Paying =/= hosting. Hosting means accepting RSVPs, greeting guests and seeing to their comfort, etc.

    Dead people don't host weddings. Or any other event, for that matter.

    Your options are:
    Together with their families,
    BrideFirst Middle Surname
    and 
    GroomFirst Middle Surname

    request the pleasure of your company/honour of your presence
    at their marriage
    time/date/place.

    If the groom's parents are hosting, it could read:

    Mr. and Mrs. Leonard Nicol
    request the honour of your presence/pleasure of your company 
    at the marriage of their son,
    GroomFirst Middle
    to
    BrideFirst Middle Surname
    daughter of Mr. and Mrs. BrideFather Surname
    and the late Mrs. BrideMother Surname

    Some posters will tell you you don't list dead parents on the invites. I disagree. Dead people don't host weddings, but they're still parents of people, and if you're going to map out the family genealogy, you might as well do it properly.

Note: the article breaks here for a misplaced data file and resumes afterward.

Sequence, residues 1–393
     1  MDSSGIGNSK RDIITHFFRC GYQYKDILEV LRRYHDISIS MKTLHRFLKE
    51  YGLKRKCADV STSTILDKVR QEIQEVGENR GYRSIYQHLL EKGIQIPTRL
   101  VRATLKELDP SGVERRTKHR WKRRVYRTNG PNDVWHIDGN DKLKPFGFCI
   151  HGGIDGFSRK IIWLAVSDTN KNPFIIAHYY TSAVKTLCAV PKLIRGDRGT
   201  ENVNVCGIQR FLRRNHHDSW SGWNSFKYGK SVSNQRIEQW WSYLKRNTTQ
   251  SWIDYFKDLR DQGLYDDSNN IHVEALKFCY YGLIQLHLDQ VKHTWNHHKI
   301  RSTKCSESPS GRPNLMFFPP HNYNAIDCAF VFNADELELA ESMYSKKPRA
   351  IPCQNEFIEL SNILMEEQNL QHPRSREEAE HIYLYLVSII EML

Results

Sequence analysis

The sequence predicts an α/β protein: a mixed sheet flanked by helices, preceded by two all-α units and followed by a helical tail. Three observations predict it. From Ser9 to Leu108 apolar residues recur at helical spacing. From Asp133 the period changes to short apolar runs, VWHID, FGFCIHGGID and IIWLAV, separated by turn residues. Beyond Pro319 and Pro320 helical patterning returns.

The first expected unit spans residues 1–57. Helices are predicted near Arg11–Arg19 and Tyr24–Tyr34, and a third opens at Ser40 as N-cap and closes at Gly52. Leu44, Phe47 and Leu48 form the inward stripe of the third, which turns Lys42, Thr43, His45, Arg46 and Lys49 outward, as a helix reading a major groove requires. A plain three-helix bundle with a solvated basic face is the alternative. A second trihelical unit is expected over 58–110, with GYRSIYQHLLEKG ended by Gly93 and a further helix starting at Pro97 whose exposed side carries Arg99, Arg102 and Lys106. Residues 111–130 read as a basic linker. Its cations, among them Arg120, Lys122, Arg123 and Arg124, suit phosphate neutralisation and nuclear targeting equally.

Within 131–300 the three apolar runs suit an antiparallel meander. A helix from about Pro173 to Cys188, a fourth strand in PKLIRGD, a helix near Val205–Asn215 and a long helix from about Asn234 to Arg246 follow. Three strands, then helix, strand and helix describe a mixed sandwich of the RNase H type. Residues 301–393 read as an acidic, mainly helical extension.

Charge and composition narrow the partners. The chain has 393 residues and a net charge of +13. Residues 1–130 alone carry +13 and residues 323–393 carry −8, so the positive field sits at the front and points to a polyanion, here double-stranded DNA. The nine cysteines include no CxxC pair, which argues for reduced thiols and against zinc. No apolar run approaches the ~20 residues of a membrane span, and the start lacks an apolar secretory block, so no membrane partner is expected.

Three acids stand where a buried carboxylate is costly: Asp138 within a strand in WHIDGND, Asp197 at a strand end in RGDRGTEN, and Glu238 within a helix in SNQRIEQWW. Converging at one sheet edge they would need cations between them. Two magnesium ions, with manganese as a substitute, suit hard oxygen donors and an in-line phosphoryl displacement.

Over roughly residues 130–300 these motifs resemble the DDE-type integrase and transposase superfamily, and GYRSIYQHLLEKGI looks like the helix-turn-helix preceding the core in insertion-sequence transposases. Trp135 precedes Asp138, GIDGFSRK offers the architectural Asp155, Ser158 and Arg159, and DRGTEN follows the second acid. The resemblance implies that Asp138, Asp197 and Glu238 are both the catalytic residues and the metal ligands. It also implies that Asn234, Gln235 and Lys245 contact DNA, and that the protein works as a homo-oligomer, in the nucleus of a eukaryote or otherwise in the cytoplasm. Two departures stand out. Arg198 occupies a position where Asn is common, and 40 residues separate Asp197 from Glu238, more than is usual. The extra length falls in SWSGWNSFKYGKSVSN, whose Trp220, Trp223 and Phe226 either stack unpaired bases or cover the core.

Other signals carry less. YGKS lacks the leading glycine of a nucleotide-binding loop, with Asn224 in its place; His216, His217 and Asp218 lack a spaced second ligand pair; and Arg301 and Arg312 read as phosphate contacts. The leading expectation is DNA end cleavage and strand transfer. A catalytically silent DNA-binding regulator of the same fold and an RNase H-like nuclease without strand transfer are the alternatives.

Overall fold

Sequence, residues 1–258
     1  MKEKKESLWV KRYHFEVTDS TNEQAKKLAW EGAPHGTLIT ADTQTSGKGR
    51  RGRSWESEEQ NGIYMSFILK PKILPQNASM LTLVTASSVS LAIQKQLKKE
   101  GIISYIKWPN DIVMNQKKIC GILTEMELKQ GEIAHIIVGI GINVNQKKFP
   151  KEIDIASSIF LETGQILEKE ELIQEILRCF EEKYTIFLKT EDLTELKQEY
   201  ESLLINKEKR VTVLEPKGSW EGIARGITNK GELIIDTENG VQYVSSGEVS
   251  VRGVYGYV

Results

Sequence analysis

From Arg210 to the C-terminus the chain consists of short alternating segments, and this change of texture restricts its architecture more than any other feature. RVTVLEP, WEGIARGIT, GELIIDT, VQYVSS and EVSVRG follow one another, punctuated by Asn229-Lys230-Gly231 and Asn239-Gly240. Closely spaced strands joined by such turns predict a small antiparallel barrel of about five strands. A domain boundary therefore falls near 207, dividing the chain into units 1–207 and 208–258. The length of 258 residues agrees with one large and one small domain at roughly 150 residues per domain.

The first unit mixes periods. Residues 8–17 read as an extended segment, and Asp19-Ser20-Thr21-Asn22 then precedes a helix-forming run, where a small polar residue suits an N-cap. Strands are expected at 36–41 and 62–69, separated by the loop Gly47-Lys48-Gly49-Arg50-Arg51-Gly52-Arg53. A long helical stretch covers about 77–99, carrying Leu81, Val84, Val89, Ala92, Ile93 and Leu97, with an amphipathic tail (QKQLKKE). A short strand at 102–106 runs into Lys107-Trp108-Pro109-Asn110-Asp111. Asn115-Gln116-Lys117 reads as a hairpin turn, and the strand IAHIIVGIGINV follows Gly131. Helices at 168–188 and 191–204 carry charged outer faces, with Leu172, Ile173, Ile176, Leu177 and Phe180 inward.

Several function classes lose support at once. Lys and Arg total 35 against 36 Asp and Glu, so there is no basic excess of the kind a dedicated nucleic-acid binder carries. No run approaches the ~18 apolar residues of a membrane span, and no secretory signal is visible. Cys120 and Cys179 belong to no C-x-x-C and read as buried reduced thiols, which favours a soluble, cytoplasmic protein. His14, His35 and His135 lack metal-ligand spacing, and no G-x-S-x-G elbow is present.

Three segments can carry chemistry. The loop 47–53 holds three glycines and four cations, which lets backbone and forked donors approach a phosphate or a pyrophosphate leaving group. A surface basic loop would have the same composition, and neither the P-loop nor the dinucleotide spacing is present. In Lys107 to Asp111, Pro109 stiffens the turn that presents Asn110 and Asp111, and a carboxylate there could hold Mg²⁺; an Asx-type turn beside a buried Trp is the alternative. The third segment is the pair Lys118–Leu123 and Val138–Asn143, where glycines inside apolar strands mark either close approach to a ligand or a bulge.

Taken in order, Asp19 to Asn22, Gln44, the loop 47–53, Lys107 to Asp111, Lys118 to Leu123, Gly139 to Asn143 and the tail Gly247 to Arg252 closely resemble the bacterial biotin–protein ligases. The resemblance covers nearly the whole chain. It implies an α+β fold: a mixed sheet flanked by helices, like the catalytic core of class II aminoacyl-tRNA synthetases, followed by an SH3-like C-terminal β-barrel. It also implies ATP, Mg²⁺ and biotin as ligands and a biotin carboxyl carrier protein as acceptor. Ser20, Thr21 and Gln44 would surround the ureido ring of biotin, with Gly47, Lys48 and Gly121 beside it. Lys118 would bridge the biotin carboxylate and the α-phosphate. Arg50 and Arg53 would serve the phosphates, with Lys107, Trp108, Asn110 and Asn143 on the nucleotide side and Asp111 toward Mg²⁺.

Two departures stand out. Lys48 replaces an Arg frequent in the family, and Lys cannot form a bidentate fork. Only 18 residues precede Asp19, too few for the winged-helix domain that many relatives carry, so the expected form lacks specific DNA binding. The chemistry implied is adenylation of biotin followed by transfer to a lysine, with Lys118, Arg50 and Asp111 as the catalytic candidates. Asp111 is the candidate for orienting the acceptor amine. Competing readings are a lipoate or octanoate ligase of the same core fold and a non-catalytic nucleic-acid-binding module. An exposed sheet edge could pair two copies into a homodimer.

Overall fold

Given everything you've spelt out in your OP, I'd go with 'together with their families' and leave all parents' names off the invites. You can always list your parents and his parents and whomever else you want in the programme.
    Anniversary

    image
    I'm gonna go with 'not my circus, not my monkeys.'
  • Jen4948Jen4948 Houston
    10000 Comments Sixth Anniversary 500 Love Its 25 Answers
    member

    Some posters will tell you you don't list dead parents on the invites. I disagree. Dead people don't host weddings, but they're still parents of people, and if you're going to map out the family genealogy, you might as well do it properly. 

    That's just it-wedding invitations are sent to request the presence of the guest-not to map out the family genealogy.
    doeydo
  • I think "Together with their families" is the least objectionable alternative. I come from a family with divorced parents and FI's father passed years ago, so this will be our go-to. Since it seems you are hosting your own wedding you can eliminate the families altogether if you wish, but that's completely up to you.
  • We went with "Together with their families."  My parents are divorced, with my dad being remarried.  FI is not close with either of his parents, being raised primarily by his grandmother.  The RSVP's will be arriving at FI's and my home, but we wanted to include our families on the invite.